The same Gore Park storefront that sat empty this time last year is now filled with daily diners, but the city’s focus is on the façade they say doesn’t fit with the character of the area.
Burrito Boyz, which opened in November 2012, was ordered to increase their glass frontage from 28 per cent to 80 per cent to obtain their establishment licence.
Leanne Dielschneider, who co-owns the business with Viktor Stosic, said they’re still paying off startup costs including more than $150,000 to renovate 66 King St. E. (which they rent). Extra façade work is an expense they hadn’t planned for.
Dielschneider, 27, said she and Stosic were aware of the glazing requirement (which falls under downtown heritage character guidelines) when they began renovations, but they were also trying to match the look of Burrito Boyz locations throughout Toronto.
She thought the city would be satisfied when they saw a bustling restaurant. Instead, she and Stosic received a notice two weeks after opening.
“I was told it was hard to open a business in Hamilton,” says Dielschneider, who grew up in Stoney Creek. “I was warned about that … It’s been a smooth ride other than this.”
Dielschneider said she understands the necessity of heritage policies, but finds the glazing issue insignificant compared to the benefits of having business in what was an abandoned space.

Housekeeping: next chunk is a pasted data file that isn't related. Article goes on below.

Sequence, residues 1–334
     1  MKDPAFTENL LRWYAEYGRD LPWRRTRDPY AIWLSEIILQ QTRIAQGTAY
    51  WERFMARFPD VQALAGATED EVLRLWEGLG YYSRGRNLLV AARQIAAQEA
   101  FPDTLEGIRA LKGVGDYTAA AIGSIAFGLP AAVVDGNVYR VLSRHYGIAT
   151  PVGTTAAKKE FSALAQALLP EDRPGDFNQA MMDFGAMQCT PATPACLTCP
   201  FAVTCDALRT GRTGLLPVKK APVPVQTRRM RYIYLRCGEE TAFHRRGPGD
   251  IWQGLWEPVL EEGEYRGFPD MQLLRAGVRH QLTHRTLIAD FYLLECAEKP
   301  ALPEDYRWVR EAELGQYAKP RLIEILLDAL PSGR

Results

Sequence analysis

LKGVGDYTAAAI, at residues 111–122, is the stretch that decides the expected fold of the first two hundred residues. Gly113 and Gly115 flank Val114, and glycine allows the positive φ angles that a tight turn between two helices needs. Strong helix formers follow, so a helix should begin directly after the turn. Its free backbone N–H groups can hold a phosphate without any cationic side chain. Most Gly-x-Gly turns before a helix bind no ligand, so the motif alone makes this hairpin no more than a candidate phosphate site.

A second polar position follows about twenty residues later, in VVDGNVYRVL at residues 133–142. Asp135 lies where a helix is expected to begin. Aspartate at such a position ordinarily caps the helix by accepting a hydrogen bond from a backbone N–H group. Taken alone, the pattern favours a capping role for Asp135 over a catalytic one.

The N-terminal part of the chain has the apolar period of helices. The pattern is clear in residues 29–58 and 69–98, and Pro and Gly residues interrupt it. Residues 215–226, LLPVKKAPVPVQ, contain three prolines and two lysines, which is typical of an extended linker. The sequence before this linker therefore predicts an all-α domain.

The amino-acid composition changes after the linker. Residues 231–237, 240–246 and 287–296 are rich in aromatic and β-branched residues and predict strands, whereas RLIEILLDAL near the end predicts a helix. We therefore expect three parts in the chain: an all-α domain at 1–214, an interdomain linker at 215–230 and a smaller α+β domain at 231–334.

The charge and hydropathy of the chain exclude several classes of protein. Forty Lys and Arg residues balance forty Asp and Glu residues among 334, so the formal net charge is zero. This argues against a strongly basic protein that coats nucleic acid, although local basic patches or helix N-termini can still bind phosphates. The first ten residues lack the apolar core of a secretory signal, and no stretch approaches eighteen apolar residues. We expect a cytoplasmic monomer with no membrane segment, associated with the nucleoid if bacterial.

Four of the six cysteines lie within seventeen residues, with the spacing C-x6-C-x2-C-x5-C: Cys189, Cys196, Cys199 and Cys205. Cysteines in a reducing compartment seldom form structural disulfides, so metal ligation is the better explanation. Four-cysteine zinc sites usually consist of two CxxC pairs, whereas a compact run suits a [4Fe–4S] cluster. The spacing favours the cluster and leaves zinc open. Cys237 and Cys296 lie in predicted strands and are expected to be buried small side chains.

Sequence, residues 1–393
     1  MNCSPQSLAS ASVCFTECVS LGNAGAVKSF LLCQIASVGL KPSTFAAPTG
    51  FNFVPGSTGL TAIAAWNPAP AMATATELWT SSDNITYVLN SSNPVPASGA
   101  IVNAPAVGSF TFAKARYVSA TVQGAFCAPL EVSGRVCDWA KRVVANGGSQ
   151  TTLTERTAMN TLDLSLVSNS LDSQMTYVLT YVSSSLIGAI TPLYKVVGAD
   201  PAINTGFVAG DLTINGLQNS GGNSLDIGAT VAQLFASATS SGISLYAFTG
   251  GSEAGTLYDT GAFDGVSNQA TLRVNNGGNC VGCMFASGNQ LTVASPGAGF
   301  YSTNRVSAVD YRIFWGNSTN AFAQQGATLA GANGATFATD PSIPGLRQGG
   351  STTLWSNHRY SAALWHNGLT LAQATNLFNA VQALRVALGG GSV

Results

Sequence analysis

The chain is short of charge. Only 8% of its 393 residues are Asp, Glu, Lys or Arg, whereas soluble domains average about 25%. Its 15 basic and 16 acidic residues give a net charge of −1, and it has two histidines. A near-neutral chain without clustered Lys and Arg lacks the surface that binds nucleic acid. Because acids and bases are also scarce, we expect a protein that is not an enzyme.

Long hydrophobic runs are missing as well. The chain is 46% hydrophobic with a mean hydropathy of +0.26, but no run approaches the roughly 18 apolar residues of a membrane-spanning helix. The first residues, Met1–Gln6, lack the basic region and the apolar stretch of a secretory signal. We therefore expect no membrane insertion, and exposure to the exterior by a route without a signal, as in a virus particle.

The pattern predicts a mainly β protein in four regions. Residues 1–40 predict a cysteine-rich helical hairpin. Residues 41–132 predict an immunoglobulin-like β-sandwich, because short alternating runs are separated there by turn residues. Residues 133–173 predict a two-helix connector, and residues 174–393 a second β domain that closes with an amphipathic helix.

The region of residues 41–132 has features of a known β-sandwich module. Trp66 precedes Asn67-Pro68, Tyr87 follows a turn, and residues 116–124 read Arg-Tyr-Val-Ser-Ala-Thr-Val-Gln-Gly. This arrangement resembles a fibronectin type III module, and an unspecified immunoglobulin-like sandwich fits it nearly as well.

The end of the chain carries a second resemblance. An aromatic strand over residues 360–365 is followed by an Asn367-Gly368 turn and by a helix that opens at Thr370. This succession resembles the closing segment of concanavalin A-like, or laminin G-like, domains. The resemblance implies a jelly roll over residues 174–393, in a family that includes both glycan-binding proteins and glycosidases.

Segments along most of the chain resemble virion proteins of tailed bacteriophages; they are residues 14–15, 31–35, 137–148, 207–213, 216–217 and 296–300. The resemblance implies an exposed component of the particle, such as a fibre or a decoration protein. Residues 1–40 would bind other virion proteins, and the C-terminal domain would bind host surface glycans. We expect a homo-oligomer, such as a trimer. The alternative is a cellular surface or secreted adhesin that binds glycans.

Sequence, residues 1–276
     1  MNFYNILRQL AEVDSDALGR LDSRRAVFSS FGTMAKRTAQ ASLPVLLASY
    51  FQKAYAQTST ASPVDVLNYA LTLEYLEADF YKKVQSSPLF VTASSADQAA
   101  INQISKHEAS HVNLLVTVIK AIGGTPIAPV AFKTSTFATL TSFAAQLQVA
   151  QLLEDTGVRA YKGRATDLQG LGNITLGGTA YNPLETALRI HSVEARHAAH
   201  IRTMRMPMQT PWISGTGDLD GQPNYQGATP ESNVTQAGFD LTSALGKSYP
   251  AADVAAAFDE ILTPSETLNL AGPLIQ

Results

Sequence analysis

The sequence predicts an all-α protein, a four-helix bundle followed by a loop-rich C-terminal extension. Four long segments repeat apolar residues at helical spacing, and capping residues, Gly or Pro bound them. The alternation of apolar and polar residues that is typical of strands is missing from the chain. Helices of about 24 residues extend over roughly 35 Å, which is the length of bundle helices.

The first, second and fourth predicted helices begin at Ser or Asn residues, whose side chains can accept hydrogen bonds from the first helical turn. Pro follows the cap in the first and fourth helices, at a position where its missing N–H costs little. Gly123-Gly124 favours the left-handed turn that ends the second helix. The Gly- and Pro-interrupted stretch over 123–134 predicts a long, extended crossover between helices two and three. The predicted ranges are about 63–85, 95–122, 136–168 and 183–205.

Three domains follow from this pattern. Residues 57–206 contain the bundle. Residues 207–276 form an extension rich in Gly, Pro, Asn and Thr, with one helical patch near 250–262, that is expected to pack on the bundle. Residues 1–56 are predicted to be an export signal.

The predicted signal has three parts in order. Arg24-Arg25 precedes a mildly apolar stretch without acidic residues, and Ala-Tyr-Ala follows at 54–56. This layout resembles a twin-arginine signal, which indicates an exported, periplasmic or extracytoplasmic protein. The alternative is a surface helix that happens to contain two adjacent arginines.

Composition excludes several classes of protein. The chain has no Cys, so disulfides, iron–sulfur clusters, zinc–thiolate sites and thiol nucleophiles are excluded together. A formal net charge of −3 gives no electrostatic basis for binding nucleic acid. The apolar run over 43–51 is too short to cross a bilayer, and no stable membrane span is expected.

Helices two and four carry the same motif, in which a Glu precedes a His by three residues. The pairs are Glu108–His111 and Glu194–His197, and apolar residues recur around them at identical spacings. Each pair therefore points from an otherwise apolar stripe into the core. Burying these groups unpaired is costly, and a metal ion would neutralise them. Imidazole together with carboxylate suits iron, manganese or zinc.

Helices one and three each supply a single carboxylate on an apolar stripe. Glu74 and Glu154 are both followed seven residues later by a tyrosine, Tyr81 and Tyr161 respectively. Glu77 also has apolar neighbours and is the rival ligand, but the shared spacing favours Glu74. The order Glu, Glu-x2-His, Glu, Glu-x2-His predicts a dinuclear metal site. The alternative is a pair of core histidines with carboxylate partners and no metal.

She pointed out other buildings within the Downtown Heritage Character Zone, which stretches along Gore Park from James to Wellington. (According to the city’s website, the zone guidelines are meant to be “a city building tool to protect built heritage resources and character in the downtown.”)
“The Bingo Hall is 80 per cent glass,” she said. “Just look around a bit. If I see another Cash Money go in, I’m going to lose it.”
John Lane, the city’s manager of building inspections, couldn’t comment on the details of specific neighbouring properties. He said any business wishing to make façade changes in a character zone since the guidelines were approved in 2006 must adhere to the same requirements. He says fines for noncompliance in a case like this would be decided by a justice of the peace and would likely be below $10,000.
Lane says Dielschneider and Stosic were issued an order to comply with the bylaw as early as July 2012. He said they applied for a revision in October, but it wasn’t granted. Their subsequent application to a committee of adjustment, which increased glazing to 49 per cent, was approved.
Dielschneider said Burrito Boyz will spend Labour Day weekend renovating in order to meet that number.
Kathy Drewitt, executive director of the Downtown Hamilton BIA, said the guidelines are part of the downtown secondary plan and the BIA supports it.
“We would encourage all businesses that are opening a new business in the downtown area to check what the plans say in order to be compliant before they start their renovations,” she said, adding that each of the city’s 13 BIAs are available to talk new business owners through the process.